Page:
The Knesset passed Wednesday, in a preliminary reading, a bill that would require security guards and other citizens to receive clearance from a psychologist before being allowed to carry a gun.
Citizens wishing to receive a gun permit will have to present confirmation from a psychologist regarding their mental health and to show that they do not have a criminal record involving serious violent offenses. In addition, "professional elements" who identify a gun carrier as being dangerous to himself or to the public will be required to report this to the authorities.
The bill's explanatory notes state that "the security situation in Israel today makes it possible to meaningfully reduce the number of firearms in the general public's possession," a determination some may find dubious.
In a seemingly contradictory statement, the explanatory notes add that "In these times, in which violence in all of its hues is on the rise, and the use of guns for criminal purposes, by security guards and citizens with a gun permit, has become a matter of routine, it turns out that the legislature has not given sufficient thought to prevention and limiting of the carrying of weapons."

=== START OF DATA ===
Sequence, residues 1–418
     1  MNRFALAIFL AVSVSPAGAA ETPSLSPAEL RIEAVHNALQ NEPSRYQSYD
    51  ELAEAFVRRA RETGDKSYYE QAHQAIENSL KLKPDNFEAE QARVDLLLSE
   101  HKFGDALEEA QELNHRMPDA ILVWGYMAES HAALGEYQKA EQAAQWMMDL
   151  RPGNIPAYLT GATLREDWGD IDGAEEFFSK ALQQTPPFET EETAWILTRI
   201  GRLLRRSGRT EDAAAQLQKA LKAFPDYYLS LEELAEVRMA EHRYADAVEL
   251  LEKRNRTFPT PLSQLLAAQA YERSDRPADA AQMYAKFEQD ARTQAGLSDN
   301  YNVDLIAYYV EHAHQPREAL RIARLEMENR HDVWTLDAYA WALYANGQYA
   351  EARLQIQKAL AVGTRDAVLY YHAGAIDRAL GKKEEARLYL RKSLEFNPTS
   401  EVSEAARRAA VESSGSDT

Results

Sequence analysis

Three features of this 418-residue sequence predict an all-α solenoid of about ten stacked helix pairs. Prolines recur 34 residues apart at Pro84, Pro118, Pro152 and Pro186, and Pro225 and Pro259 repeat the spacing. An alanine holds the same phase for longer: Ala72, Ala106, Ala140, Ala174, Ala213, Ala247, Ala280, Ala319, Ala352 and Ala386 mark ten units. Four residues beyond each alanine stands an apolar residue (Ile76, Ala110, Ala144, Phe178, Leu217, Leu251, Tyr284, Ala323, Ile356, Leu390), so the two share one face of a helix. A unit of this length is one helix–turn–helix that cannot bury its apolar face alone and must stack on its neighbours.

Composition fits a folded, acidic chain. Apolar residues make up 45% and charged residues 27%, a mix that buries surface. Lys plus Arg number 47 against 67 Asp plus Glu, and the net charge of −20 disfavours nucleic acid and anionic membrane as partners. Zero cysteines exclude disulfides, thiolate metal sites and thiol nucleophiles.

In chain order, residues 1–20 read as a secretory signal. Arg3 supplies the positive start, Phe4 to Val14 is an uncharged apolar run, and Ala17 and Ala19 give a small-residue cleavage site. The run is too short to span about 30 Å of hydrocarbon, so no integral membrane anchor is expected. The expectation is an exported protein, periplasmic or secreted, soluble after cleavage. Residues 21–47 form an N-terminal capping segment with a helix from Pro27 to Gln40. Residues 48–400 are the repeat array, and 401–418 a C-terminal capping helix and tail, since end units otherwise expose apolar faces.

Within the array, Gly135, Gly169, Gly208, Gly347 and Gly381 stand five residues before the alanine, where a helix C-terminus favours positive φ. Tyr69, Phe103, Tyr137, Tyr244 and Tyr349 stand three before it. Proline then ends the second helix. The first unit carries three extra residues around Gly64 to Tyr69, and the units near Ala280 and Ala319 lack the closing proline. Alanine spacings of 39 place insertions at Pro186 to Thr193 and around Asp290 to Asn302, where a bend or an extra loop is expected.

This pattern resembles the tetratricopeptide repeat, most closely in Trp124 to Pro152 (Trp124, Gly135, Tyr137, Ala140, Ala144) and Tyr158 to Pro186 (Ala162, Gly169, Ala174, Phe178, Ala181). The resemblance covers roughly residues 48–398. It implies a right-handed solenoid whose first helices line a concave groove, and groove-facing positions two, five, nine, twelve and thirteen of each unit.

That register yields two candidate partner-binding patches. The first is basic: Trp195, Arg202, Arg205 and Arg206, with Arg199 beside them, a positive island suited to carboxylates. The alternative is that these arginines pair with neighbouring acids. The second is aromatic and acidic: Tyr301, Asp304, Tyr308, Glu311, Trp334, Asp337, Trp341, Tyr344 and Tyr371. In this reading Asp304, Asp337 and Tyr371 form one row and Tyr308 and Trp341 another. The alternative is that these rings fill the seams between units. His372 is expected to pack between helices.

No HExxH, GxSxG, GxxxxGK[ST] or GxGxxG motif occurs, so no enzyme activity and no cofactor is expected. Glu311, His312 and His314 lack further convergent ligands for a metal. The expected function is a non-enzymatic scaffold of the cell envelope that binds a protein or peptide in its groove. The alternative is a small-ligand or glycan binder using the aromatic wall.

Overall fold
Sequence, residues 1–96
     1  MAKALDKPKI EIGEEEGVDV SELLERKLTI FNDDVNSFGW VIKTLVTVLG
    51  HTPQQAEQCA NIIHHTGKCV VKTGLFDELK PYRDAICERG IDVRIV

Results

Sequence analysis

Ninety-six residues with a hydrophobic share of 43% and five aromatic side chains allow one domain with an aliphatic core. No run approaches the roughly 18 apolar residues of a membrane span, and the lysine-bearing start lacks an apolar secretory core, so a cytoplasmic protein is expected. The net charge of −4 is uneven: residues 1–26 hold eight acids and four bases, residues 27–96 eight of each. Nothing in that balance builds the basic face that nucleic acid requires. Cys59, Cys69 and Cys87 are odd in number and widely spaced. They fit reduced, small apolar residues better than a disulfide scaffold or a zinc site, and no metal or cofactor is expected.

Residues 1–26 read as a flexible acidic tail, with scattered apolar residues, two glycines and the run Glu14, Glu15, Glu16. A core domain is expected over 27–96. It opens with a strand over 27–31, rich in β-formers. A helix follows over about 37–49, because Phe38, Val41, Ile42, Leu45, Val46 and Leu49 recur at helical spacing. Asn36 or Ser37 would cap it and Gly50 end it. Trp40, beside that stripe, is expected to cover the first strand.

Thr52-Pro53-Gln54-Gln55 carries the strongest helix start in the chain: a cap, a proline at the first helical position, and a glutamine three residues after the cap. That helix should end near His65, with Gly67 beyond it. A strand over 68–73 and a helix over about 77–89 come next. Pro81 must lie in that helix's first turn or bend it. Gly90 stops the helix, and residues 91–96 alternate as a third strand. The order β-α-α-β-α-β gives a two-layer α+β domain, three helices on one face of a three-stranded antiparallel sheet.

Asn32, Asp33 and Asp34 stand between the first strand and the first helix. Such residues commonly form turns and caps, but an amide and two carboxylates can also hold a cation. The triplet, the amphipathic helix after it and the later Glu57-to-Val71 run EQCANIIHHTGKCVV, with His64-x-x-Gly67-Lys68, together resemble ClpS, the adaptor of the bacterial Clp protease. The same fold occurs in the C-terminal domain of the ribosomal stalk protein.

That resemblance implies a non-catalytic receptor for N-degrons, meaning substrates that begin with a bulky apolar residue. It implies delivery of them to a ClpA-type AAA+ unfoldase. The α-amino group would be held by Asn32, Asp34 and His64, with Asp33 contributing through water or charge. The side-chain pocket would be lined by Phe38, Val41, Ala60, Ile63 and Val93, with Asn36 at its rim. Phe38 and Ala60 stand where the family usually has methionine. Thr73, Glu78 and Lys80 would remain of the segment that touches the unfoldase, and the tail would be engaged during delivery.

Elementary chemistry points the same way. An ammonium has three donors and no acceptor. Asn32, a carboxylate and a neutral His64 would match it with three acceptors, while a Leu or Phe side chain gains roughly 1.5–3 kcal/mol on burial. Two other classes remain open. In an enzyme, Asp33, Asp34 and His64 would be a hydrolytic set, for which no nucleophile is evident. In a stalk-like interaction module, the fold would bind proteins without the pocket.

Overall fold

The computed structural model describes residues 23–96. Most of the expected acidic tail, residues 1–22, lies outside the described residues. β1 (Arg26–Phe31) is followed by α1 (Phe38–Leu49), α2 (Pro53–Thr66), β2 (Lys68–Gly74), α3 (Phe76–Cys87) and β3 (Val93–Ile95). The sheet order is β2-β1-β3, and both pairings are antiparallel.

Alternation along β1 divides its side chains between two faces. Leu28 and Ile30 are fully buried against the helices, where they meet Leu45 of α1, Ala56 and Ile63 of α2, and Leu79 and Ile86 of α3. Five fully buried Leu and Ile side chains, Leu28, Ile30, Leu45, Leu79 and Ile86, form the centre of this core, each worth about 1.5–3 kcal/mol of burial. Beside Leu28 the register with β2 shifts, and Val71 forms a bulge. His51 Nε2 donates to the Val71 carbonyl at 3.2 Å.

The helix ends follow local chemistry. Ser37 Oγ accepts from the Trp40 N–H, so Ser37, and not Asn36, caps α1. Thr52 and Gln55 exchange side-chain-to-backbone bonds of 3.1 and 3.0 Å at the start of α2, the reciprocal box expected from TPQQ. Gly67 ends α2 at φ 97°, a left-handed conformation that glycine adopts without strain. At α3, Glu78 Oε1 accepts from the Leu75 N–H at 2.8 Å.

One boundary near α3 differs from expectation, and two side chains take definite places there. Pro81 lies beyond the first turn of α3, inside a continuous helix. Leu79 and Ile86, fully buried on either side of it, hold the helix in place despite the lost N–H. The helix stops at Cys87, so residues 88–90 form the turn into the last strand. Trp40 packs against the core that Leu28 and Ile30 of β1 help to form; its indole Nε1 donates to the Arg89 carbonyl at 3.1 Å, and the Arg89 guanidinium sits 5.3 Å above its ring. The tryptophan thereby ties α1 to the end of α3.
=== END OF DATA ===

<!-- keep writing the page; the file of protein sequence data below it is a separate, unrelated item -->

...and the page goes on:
The bill follows a successful campaign by a coalition of women's groups which played up cases in which armed security guards used their weapons for criminal purposes, and presented the matter as being a gender-related issue. The coalition, named Gun Free Kitchen Tables, includes the pacifist "New Profile," which encourages resisting military conscription, and other groups with links to the radical left wing.
Detractors note that the bill will make it more difficult for law abiding citizens to obtain gun permits, while criminals' and terrorists' ability to do so will not be affected.
The women's groups have apparently failed in an attempt to add a clause to the bill forbidding security guards from taking their weapons home with them.